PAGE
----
February 25, 2015   Vol. VI, Issue 8
For optimal functionality we recommend you VIEW this newsletter as a web page. 

 

Novel risk factors for recurrent clostridium difficile infections (rCDI) in children. 

As rate and risk factors for rCDI in children have not been established, a retrospective cohort study of 186 pediatric patients seen with primary C. difficile infection, examined the rate of recurrent disease (defined as a return of symptoms and positive testing < 60 days after completion of therapy) over a 5 year period.

 

22% of children with C. difficile experience recurrences. Malignancy, recent hospitalization, hospital-acquired disease, recent surgery, antibiotic and number of antibiotics used, & acid blocker and/or immunosuppressant use are all associated with rCDI.

 

Journal of Pediatric Gastroenterology and Nutrition 

Wheezing is common in children with Sickle Cell Disease (SCD). 

Children with SCD may wheeze without being asthmatic.  A review study of 163 children with SCD and matched normal controls (mean 8.5 years) indicates that SCD patients with and without upper respiratory tract infection report wheezing more frequently.  SCD children wheeze approximately 10 times more frequently than normal children of a similar age.

 

Journal of Hematology/Oncology 

Henoch-Sch´┐Żnlein purpura (HSP) nephritis. 

"HSP is one of the most common types of systemic vasculitis in childhood. Glomerulonephritis (HSPN) occurs in 30-50% of HSP patients, mostly in a mild form. A small percentage of patients however will present with nephrotic syndrome or renal failure".

 

HSPN is caused by IgA-containing immune complexes activated through the complement system being deposited in the mesangium, the subepithelial and the subendothelial spaces which results in mesangial proliferation and renal damage/chronic renal disease/renal failure.

 

Long term renal outcome correlates with the severity of the initial clinical presentation (and renal biopsy changes).

 

No evidence-based treatment options for severe HSPN appear to be available (resulting in a wide variety of therapeutic regimens being utilized).

 

Pediatric Nephrology 

INFORMATION BONUS!   

 

Download, print and pin this information on your office wall.

 

-This is a "Must Have" (Ed.) 

Contact the Editor

 

Visit Us on the Web

________________________

Minimal enteral nutrition during neonatal hypothermia treatment for perinatal hypoxic-ischemic (HI) encephalopathy (HIE).

 

A number of trials have demonstrated the neurodevelopmental benefits of therapeutic hypothermia in moderate to severe neonatal HIE.

 

Perinatal hypoxic ischemia also results in decreased perfusion to the gastrointestinal tract (GIT) which may lead to decreased motility and feeding intolerance. It appears that hypothermic treatment of HIE may also benefit GIT function.

 

A retrospective cohort study comparing early enteral feeds (23.6 hours) vs. delayed enteral feeding (100 hours) in 51 and 34 HIE neonates receiving therapeutic hypothermia indicates that both result in similar time-to-full enteral feeds (6 days), and that early enteral feeding during hypothermia is both feasible & essentially complication free.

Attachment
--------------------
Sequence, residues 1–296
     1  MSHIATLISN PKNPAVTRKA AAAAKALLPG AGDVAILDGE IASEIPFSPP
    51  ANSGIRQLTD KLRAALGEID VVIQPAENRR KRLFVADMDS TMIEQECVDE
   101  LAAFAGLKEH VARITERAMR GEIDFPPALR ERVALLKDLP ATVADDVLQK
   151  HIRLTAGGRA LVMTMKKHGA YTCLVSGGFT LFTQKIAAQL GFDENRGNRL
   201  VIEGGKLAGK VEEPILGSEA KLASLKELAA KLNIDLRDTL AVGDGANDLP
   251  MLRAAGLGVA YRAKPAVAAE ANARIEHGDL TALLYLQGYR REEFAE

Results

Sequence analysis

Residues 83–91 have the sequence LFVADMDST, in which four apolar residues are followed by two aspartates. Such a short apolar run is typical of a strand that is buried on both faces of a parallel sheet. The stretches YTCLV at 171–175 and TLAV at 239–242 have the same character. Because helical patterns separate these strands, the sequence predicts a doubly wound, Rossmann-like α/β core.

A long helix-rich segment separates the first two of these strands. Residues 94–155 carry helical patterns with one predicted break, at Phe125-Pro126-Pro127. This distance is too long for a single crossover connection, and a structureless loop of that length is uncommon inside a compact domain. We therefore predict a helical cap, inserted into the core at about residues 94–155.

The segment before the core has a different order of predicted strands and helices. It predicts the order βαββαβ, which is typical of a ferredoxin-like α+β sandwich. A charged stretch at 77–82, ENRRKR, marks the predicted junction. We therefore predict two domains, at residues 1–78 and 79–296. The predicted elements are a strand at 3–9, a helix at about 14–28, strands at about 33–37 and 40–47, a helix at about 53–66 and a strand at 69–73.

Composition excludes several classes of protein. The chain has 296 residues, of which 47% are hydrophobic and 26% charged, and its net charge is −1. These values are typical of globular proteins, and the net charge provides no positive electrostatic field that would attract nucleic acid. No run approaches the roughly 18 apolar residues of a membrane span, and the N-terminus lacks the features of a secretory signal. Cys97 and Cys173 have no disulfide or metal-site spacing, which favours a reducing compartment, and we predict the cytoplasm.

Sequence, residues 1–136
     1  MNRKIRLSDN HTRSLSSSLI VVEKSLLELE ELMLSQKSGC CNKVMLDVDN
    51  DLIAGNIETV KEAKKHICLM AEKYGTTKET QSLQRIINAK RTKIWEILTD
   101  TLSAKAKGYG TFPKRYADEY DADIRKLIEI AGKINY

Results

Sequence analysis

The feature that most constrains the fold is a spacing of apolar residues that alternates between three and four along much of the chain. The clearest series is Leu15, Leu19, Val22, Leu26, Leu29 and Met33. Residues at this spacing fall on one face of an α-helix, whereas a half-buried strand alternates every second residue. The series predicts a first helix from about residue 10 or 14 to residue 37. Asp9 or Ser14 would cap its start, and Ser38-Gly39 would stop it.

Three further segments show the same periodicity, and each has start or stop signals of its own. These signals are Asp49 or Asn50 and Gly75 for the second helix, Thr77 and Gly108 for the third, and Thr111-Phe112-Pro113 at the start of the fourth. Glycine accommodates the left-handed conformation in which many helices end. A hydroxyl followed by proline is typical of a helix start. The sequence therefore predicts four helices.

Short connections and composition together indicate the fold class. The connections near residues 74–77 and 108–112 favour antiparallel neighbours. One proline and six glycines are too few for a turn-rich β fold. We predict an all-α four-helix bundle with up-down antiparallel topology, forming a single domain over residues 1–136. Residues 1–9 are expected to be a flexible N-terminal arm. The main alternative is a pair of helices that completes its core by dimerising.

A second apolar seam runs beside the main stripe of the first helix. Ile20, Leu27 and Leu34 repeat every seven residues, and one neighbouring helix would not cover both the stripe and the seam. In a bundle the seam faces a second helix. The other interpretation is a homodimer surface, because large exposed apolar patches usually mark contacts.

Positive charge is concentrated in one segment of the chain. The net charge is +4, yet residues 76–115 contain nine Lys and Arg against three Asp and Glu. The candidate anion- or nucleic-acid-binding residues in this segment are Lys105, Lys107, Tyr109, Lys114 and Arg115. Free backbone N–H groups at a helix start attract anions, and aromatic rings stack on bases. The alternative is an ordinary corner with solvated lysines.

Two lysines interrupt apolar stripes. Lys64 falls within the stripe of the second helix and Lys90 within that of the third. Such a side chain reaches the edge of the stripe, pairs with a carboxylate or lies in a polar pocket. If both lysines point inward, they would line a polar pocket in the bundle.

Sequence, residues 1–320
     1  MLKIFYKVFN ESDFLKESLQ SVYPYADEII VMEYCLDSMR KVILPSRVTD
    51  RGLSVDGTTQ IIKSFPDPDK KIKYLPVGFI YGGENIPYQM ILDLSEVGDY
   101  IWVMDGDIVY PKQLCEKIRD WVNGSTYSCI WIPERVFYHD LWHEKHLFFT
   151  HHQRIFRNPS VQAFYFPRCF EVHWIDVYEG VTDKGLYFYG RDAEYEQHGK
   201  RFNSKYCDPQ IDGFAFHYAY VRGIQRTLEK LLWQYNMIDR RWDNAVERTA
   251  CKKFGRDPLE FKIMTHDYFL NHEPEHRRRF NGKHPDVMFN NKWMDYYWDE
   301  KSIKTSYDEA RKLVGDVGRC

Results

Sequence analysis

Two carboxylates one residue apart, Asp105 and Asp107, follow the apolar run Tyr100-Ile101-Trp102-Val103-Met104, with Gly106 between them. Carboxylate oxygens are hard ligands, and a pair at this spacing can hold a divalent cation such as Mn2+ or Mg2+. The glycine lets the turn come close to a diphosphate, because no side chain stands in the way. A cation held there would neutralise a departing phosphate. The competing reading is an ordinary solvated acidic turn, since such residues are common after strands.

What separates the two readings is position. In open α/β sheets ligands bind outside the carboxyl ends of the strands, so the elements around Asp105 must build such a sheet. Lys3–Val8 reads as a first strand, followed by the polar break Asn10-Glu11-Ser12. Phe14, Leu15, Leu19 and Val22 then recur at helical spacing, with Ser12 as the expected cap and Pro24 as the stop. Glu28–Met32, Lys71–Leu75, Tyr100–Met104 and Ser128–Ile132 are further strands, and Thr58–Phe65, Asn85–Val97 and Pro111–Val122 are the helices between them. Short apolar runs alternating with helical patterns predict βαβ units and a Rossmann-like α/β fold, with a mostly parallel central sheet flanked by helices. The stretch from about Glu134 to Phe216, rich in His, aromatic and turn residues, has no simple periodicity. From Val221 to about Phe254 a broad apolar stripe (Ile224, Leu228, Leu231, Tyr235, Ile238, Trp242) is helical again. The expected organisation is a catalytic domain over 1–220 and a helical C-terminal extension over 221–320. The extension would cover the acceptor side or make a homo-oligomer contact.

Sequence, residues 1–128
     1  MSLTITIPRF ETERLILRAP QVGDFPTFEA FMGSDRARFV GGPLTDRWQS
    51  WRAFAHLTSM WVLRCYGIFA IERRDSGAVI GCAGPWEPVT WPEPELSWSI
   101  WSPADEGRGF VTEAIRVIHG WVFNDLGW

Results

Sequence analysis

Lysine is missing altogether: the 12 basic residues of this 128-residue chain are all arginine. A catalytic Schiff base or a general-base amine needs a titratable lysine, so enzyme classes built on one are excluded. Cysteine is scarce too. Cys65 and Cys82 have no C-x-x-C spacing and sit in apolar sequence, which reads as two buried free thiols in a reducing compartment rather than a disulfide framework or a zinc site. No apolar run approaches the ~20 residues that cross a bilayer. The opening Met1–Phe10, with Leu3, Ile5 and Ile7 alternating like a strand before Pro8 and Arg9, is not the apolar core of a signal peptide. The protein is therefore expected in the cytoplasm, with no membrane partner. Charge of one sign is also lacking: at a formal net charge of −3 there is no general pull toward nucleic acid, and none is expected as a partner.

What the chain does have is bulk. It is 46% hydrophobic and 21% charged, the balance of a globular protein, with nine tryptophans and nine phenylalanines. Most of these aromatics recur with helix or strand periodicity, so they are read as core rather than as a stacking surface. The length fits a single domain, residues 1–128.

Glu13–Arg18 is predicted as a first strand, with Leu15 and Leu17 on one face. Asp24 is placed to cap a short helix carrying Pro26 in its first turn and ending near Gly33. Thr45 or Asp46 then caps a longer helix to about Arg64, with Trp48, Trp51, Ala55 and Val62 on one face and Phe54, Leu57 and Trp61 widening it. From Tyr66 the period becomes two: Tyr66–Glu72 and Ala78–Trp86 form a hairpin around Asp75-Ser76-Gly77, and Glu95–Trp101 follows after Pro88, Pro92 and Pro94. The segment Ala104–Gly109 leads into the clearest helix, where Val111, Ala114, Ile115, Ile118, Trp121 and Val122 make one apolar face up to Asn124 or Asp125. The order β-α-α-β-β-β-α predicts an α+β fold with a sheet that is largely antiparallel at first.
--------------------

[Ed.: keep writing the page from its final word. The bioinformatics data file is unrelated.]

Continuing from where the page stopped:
Acta Paediatrica 

Vertical 2-thumb technique (VTT) vs. 2-thumb thoracic encircling technique (VTE) for infant cardiopulmonary resuscitation (CPR).

 

A prospective randomized crossover simulation study of infant CPR indicates that VTT generates significantly higher pressures that VTE and may be an effective alternative compression method in infant CPR ("& useful for rescuers with small hands or a weak grip").

 

Acta Paediatrica 

Video Feature 

(via YouTube)

Infant CPR (Ages Newborn to 1 Year)
Infant CPR (Ages Newborn to 1 Year)

Pediatric cerebral sinovenous thrombosis (CSVT) - Findings of the International Pediatric Stroke Study.

 

An analysis of 170 children with CSVT from 10 countries over 4.5 years indicates:

  • 50% are male (median age 7.2 years).
  • Headache, altered consciousness, focal deficits and seizures are common presenting features.
  • 31% have intra-cranial hemorrhage and 37% infarction.
  • Risk factors include:

a)   Chronic Disease (50%).

b)   Acute systemic or head/neck disorders (41%).

c)   Prothrombotic states (20%).

d)   Other hematological abnormalities (19%).

  • 48% are neurological normal at discharge.
  • Mortality is low (4%) and associated with a decreased level of consciousness at presentation and an identified prothrombotic state.
 Archives of Disease in Childhood

Adolescents' media exposure and cyberbullying.

 

A longitudinal study design of 1,005 adolescent boys and girls 11-17 years in 3 waves examined the effect of

Dealing with Cyberbullying
Dealing with Cyberbullying

adolescent exposure to media portraying antisocial and risk behavior content on cyberbullying, over time.

 

Higher exposure to media with antisocial and risk behavior content significantly contributes and amplifies initial rates of cyberbullying in both boys and girls.

 

Journal of Adolescent Health 

PPGC 2015
Updates in Pediatrics is brought to you by:

Miami Children's Hospital Logo  

Underwriting Opportunities

With a circulation over 5,000, Updates in Pediatrics offers an excellent opportunity to promote your brand at affordable rates.

 

Contact AD DEPT to
learn more.